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Dozens of Jewish settlers storm Al-Aqsa compound

Monitoring Desk

JERUSALEM: Dozens of Israeli settlers forced their way into East Jerusalem’s flashpoint Al-Aqsa Mosque compound on Sunday, according to a Palestinian official.

“More than 150 Jewish settlers stormed the holy compound through the Al-Mugharbah gate,” Firas al-Dibs, a spokesman for Jerusalem Islamic Waqf, a Jordan-run organization responsible for overseeing the city’s Islamic sites, said in a brief statement.

He said the settlers were joined by a number of Israeli policemen during the tour.

Israeli Agriculture Minister Uri Ariel was among those who toured the holy compound, according to al-Dibs. Tension has mounted in the Palestinian territories — including occupied East Jerusalem, where the Al-Aqsa is located — since U.S. President Donald Trump recognized Jerusalem as Israel’s capital.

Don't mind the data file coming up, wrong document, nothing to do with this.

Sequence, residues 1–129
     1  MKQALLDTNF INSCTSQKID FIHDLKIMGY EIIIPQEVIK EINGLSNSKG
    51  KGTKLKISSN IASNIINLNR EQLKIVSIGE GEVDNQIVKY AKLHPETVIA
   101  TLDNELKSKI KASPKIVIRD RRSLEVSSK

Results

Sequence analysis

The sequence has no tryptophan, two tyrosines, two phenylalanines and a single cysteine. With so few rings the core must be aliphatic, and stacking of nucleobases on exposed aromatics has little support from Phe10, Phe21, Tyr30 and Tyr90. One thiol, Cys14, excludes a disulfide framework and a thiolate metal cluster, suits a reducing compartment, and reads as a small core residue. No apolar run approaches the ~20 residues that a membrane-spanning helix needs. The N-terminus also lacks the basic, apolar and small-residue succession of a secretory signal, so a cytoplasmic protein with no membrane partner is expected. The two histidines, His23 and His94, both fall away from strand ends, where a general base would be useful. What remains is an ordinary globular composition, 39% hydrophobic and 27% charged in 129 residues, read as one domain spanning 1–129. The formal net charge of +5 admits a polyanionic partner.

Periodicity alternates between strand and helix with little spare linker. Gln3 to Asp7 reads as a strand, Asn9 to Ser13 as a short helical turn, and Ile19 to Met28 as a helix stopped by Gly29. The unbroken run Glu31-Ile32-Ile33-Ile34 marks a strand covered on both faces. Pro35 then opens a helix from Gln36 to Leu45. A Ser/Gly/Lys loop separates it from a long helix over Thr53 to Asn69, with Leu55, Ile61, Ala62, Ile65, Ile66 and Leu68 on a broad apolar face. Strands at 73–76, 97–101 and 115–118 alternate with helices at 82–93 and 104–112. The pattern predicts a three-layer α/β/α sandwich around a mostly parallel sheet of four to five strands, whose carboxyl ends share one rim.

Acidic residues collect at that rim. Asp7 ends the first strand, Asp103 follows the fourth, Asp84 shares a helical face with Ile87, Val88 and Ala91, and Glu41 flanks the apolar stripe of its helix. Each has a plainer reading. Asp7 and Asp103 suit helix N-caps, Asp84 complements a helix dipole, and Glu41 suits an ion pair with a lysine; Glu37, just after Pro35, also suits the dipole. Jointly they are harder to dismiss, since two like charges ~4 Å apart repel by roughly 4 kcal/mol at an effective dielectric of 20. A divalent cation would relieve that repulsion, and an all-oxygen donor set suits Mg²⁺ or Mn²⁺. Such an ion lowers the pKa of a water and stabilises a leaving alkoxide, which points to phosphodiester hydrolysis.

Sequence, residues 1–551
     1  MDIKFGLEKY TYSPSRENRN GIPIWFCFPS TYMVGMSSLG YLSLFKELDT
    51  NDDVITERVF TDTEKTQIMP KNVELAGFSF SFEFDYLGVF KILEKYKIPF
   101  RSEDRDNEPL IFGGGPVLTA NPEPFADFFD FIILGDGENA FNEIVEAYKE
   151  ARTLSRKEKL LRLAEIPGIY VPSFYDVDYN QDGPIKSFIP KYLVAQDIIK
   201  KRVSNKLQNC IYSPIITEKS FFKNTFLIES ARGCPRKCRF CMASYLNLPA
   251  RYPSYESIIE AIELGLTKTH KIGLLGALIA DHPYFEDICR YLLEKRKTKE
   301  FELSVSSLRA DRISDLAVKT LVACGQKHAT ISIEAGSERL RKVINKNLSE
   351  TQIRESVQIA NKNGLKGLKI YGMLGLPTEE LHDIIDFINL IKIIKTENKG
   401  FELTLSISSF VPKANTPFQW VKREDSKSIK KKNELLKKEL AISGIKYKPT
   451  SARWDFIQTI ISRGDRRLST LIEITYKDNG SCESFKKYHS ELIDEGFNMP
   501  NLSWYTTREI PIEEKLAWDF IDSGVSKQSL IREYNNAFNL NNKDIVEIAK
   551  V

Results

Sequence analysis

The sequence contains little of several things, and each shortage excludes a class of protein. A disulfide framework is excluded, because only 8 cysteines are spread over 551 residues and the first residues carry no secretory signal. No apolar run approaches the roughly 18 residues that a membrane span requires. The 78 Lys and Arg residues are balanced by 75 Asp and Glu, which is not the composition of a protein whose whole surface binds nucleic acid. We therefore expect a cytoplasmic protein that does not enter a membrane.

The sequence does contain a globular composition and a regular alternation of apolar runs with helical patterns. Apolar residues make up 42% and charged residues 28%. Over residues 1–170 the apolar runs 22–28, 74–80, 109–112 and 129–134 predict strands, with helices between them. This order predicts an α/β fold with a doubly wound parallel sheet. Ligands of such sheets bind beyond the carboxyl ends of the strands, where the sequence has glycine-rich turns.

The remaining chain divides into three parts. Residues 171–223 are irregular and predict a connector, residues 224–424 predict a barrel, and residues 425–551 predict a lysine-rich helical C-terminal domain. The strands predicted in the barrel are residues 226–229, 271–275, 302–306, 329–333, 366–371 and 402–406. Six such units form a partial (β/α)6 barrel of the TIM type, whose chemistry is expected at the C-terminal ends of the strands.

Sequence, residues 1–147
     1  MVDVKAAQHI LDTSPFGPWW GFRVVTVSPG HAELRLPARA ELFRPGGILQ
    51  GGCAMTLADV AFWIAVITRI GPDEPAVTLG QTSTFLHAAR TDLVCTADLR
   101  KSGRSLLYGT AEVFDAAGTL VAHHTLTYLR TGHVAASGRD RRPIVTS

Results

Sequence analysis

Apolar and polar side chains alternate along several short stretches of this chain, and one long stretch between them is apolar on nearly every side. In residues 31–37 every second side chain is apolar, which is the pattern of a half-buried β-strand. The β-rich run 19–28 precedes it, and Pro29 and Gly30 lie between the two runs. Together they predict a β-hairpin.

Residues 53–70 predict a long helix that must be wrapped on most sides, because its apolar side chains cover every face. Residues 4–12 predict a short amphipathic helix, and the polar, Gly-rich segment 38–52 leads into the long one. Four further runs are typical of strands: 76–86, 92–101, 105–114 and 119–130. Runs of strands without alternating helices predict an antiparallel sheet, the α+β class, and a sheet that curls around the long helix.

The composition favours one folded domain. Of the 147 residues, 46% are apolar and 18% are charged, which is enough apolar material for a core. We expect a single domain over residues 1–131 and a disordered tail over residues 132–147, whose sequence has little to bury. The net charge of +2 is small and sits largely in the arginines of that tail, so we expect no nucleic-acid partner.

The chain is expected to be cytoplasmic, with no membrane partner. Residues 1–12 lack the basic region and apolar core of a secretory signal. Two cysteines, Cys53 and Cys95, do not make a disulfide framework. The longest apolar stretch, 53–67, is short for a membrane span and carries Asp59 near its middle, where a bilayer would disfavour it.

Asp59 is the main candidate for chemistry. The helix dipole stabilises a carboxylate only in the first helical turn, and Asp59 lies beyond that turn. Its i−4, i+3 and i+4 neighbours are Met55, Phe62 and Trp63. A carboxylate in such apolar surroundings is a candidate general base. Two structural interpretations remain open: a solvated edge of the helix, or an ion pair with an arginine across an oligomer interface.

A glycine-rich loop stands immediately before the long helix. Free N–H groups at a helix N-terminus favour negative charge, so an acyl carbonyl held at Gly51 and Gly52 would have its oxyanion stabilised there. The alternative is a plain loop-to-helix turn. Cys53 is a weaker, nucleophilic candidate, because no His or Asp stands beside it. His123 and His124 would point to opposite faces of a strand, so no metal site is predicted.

For Muslims, the Al-Aqsa represents the world’s third holiest site. Jews, for their part, refer to the area as the “Temple Mount”, claiming it was the site of two Jewish temples in ancient times.

Israel occupied East Jerusalem during the 1967 Middle East War. It annexed the entire city in 1980, claiming it as the capital of the Jewish state in a move never recognized by the international community.

Last year, the UN General Assembly adopted a resolution calling on the U.S. to withdraw its recognition of the flashpoint city as Israel’s capital.

Also, a letter published by The Guardian, a British daily, signed by 140 musicians, writers, actors, directors, novelists, and poets demanded the song contest to be boycotted if it is “hosted by Israel while it continues its grave, decades-old violations of Palestinian human rights.”

Among those who signed the letter were 6 Israeli artists Aviad Albert, Michal Sapir, Ohal Grietzer, Yonatan Shapira, Danielle Ravitzki and David Opp.

“We, the undersigned artists from Europe and beyond, support the heartfelt appeal from Palestinian artists to boycott the Eurovision Song Contest 2019 hosted by Israel,” the letter read.

The letter said that “until Palestinians can enjoy freedom, justice and equal rights, there should be no business-as-usual with the state that is denying them their basic rights.”

“On 14 May, days after Israel’s Eurovision win, the Israeli army killed 62 unarmed Palestinian protesters in Gaza, including six children, and injured hundreds, most with live ammunition. (AA)

 

 

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